Animal Farm Essay Through a lack of education, the animals became unable to detect the slow progressing power Napoleon was establishing over them. Boxer is the most nieve of them all. He admired Napoleon, who was educated, and appeared so knowledgeable and practical. He worked excessively hard and always quoted “I will work harder” (77). Boxer was extremely uneducated, and although he tried “[he] could not go past the letter D” (23).
Through this lack of education Boxer believed what he was told, for he was unable to know anything else. He also admired those of a higher education like the pigs and longed to be like them. For this reason, Boxer was unable to detect the power Napoleon was slowly establishing over the Animal Farm. Many people of the American society are also uneducated and become nieve to their surroundings, similar to the actions of Boxer. Often the immigrants that come to America are very uneducated in the American language. Through this lack of education they are very vulnerable and often believe everything that they are told because they have not learned otherwise. They look up to the educated people of society who have become so successful, and long to be like them.
For this reason, they often do everything they are told in hopes of becoming successful and educated in their life. Yet, due to their lack of education, they are often taken advantage of in their work through unjust salaries and work hours. Boxer displays this same pattern of being taken advantage of with Napoleon throughout the trials and tribulations of Animal Farm. Lack of education throughout society will constantly allow the educated to prevail and rule over the uneducated. Those who lack education are often vulnerable to have beliefs planted into their minds even if they do not realize it. The most uneducated of all the animals on Animal Farm are the sheep. They are unable to read the commandments, and yet they believe that what everyone tells them is true.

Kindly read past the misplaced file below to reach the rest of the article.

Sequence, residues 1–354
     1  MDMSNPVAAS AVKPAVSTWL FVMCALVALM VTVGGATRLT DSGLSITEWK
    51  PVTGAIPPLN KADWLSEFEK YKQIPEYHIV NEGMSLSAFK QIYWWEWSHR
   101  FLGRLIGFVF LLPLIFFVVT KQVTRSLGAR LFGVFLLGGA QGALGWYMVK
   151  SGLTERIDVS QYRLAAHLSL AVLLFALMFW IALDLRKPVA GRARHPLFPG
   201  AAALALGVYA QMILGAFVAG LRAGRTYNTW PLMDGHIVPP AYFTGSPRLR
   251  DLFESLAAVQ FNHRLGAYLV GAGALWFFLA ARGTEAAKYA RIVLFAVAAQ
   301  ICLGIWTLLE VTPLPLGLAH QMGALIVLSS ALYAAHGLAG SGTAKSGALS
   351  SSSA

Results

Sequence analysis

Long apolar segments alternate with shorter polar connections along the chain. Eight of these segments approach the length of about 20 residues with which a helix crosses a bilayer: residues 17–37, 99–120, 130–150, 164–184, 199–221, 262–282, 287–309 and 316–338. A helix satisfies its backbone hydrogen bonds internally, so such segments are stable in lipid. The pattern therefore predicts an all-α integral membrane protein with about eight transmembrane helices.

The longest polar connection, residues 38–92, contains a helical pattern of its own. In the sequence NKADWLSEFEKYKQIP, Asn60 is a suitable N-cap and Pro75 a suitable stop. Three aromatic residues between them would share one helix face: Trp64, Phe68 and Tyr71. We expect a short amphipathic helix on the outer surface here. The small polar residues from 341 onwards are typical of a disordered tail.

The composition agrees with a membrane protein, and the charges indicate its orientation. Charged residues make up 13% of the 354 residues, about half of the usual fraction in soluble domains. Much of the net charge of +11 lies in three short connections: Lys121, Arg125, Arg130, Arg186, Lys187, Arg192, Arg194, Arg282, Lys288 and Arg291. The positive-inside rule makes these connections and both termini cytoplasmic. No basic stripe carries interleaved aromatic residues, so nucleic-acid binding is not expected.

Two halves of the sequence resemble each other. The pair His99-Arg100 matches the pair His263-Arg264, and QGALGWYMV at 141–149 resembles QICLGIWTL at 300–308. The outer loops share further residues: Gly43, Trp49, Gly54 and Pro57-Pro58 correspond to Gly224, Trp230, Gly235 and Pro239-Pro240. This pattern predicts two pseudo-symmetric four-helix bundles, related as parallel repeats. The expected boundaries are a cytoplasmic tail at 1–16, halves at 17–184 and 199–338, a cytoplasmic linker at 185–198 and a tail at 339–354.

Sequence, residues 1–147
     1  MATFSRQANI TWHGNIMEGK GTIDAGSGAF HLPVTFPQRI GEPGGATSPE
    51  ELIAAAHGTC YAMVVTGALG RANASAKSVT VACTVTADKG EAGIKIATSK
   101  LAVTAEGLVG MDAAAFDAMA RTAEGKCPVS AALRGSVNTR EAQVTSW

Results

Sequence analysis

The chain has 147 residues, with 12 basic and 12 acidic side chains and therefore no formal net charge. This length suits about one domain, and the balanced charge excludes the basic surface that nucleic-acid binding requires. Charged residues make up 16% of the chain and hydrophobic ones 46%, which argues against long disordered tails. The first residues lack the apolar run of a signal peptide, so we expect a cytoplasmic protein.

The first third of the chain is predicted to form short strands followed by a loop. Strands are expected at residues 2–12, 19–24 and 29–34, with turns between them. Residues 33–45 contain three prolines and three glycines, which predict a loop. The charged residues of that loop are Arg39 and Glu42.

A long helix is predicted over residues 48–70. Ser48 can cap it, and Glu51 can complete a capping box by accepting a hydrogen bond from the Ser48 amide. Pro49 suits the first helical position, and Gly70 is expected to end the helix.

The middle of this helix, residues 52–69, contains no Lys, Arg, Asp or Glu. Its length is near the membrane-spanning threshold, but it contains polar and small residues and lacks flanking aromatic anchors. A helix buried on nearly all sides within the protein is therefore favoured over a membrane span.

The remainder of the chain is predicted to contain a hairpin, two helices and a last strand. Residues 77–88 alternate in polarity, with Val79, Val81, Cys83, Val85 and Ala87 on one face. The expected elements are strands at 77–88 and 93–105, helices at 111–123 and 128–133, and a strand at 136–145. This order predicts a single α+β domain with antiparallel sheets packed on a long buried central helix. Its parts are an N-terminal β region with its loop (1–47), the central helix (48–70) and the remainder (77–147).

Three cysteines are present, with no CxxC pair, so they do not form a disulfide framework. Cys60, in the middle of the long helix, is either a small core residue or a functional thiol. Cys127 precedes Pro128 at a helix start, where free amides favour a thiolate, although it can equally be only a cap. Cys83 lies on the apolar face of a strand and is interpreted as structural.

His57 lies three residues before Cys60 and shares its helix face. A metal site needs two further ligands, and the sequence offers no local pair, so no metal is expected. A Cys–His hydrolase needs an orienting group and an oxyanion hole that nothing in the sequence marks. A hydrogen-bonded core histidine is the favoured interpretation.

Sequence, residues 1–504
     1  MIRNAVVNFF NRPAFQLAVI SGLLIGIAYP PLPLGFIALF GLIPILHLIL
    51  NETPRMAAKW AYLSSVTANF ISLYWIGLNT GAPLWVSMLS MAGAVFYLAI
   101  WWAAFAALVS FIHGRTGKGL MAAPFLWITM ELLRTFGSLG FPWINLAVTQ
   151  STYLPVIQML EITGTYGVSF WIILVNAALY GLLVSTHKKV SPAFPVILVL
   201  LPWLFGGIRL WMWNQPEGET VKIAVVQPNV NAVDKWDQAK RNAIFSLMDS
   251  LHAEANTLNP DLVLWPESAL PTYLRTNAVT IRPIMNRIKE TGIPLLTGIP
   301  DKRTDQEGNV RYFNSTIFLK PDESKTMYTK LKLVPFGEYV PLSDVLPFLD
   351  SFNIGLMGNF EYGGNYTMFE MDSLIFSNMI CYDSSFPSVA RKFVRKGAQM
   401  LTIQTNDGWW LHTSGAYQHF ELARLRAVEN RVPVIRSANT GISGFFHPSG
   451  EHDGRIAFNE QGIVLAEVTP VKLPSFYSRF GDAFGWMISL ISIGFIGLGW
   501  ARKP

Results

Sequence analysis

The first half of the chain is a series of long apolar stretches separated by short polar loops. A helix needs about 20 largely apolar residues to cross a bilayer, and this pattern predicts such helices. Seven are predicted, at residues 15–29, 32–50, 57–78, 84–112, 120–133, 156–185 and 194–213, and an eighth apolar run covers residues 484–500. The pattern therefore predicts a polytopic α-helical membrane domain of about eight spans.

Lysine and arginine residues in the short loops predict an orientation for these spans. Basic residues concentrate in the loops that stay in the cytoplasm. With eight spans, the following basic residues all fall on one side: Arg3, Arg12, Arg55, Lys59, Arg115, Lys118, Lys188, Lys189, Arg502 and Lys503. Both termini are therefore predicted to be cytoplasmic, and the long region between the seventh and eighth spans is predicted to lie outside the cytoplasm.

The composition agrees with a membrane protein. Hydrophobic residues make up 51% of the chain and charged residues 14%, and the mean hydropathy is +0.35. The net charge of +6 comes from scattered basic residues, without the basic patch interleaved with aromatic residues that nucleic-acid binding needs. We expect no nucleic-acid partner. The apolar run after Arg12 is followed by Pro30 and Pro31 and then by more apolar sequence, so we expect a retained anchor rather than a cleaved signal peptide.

The pigs “have taught themselves to read and write” (15), so everyone agrees and believe everything they say because they are the educated ones. The sheep constantly chant “four legs good, two leg better” (91), after being trained by the pigs that this was the best way. The pigs were able to teach the sheep this simple yet critical tactic at the major point in taking control over the Animal Farm. Through this little bit of support from the sheep the pigs are able to establish a peaceful status of complete power. All the animals see how loyal and trusting the sheep are toward Napoleon and the other pigs, and they do not question his ways.
Similarly to the animals belief in what they are told relates directly to that of children. Children in the American society become accustomed to believe what they are told by their parents and teachers. In the earlier years of childhood, a child is unable to read and write, and rely entirely on the teachings of their elders to guide them. Like the animals on Animal Farm, children will believe everything that an older peer tells them because they have learned all they know through them. Although children are not often deceived for power like the animals, the parallel relation is clearly evident. Through this comparison, it is concluded that through lack of education, particular beliefs can be persuaded into the mind of a person.